I find that it's better a few days after it's baked because the flavors are more balanced. You do have to store them in a tightly closed tin (ideally) so that they don't loose their crunchiness.
Yes, you can. Either the unbaked dough already in the pan or the baked cookies or fingers. This last option I recommend doing so after cutting and separating the pieces. And always remember to wrap the pan or the cookies well to avoid as much freezer burn and ice as you can.
To avoid the butter from melting before the shortbread is baked. This is crucial to get that crunchy bite. And also especially important if you're making cookies instead of a whole pan (as we do in this recipe), so that they keep their shape and prevent them from spreading too much.
In an airtight tin it can last several weeks. This will depend on how it was baked. Slow, even baking produces crunchier shortbread that lasts longer.
Holiday ideas with this recipe
It all comes down to different flavorings and toppings.
Make a large batch, double (or triple?) this recipe.
From there you can:
Flavorings - divide the dough in as many flavors you want and add to each portion a different citrus zest or spice or ground nuts. You can add more than one, like lemon zest and walnuts.
Different shapes - I cut them into sticks, but they can be cut in triangles, squares, diamonds.
Toppings - glaze them with a powdered sugar glaze or chocolate ganache. Before the glaze sets, you can sprinkle citrus zest, ground nuts, or even festive sprinkles.
Gift: put dry ingredients in a jar, attach a nice card with instructions and give them out as gifts.
Other recipes you might like:
Let me know if you make this recipe! I’d love to hear what you think about it.
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This Lemon Shortbread is a glorious mix of butter, flour, sugar and lemon zest. It has a nice zing cutting through the buttery amazingness!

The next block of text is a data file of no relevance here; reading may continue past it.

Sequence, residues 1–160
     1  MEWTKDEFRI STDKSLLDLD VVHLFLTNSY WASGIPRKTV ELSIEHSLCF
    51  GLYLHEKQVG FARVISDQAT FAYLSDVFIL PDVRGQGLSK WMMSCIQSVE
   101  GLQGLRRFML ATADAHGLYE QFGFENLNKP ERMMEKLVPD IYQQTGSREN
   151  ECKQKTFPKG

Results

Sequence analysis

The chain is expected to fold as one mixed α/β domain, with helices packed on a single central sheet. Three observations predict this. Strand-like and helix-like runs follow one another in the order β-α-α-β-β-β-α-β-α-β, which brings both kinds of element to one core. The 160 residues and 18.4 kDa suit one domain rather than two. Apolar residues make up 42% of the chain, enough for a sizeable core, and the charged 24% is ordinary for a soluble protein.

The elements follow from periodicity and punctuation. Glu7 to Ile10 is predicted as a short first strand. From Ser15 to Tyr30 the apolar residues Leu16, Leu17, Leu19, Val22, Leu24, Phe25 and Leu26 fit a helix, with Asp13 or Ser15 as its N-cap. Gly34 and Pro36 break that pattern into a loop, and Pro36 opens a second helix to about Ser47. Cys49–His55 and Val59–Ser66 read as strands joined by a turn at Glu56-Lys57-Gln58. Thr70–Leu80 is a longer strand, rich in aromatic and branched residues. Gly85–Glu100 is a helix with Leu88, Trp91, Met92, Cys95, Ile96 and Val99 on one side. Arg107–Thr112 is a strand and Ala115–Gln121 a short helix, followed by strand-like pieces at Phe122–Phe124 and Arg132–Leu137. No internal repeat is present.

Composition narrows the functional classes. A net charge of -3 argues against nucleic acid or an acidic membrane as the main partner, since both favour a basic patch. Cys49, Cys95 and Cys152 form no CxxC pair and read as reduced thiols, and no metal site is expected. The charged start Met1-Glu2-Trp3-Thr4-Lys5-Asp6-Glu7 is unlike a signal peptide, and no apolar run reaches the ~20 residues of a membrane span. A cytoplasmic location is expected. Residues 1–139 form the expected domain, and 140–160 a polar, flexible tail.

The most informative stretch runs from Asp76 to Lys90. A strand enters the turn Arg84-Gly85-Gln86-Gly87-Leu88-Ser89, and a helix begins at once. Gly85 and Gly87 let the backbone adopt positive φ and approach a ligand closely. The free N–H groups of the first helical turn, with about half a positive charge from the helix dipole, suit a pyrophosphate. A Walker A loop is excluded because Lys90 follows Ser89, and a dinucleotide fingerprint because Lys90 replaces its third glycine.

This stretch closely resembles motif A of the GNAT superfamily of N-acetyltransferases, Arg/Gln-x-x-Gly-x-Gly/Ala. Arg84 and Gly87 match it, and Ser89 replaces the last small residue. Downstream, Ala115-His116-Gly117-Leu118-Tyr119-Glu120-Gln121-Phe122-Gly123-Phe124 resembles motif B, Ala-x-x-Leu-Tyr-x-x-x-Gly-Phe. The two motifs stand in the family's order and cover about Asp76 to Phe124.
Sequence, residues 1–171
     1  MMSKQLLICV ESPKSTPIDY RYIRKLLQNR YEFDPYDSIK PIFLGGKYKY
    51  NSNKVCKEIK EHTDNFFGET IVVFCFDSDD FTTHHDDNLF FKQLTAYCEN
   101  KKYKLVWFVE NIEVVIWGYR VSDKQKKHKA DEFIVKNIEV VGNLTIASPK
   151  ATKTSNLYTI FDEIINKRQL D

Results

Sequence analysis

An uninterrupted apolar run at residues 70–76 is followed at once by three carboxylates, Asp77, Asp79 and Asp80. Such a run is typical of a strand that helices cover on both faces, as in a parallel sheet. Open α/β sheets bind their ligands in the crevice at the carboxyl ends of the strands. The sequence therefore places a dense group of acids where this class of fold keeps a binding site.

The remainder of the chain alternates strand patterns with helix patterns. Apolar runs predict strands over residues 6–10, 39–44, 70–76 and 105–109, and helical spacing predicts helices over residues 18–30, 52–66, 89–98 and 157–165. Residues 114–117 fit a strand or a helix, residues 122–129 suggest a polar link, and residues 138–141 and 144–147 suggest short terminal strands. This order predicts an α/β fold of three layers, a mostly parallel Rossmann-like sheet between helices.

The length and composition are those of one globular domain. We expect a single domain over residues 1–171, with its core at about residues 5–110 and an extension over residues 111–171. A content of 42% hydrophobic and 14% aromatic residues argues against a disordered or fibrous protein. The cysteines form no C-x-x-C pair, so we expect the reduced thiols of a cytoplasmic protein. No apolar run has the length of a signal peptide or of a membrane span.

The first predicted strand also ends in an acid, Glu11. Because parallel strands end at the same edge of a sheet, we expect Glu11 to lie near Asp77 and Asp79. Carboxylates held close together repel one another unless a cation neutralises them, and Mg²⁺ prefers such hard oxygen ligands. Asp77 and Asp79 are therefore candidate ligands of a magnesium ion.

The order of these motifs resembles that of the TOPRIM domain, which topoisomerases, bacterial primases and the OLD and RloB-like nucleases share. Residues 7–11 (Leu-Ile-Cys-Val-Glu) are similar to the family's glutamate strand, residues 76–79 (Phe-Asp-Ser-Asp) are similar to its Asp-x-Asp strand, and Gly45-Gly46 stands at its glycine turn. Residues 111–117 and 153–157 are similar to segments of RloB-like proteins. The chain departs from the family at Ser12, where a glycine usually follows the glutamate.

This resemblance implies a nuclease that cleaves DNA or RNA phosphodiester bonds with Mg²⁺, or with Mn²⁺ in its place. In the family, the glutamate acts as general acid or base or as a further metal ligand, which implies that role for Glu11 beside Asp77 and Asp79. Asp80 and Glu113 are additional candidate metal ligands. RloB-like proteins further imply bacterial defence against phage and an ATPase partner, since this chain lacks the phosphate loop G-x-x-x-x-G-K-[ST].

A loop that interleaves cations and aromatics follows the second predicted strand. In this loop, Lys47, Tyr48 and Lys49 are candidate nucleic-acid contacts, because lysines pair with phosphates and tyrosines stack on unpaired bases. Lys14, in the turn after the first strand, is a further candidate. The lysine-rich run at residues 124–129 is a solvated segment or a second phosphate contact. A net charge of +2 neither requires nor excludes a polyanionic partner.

- ¾ cup (175g) unsalted butter, at room t°
- 1 and ¼ cups (175g) all-purpose or cake flour
- Large pinch of salt
- Zest of 1 small lemon
- ½ cup (70g) powdered sugar, sifted
- 1-2 tablespoon granulated sugar, for topping
- Have ready a 9-inch (20x20cm) square pan, lined with parchment paper.
- In a large bowl mix soft butter with powdered sugar, salt and lemon zest.
- Mix well so there are no lumps.
- Add flour in 2 parts, mixing with the spatula until it is smooth, well combined and no dry spots remain.
- Transfer the dough to the prepared pan, scattering small amounts on the bottom.
- With your hand, lightly pat the dough until it covers the whole surface. Make sure the edges are covered.
- Make it as even as possible, but relax because it will not be very smooth.
- Refrigerate the whole pan, covered in plastic wrap, for 1 hour or up to 24 hours.
- Preheat oven to 325°F/160*C.
- Bake shortbread for 40-45 minutes, until top is dry, it has puffed a little and is beginning to color.
- You can leave a couple more minutes if you want a more golden shortbread. Just don’t let it dry out.
- Let cool 10 minutes on a wire rack and carefully cut into sticks or squares o triangles with a smooth bladed knife.
- Let cool completely, lift off the pan with the aid of the parchment paper and carefully break each piece.
- Keep in airtight cookie jars or tins.
Dough: once you have it patted in the pan, the unbaked shortbread can be kept for 24 hours in the fridge, or frozen for up to a month, always well wrapped. Bake directly from the freezer.
Make-ahead: shortbread keeps well for several days in airtight tins or jars.
Flavorings: use other citrus, add a teaspoon of your favorite spice, glaze after baked, add a tablespoon of ground nuts to the dough.
Keywords: lemon shortbread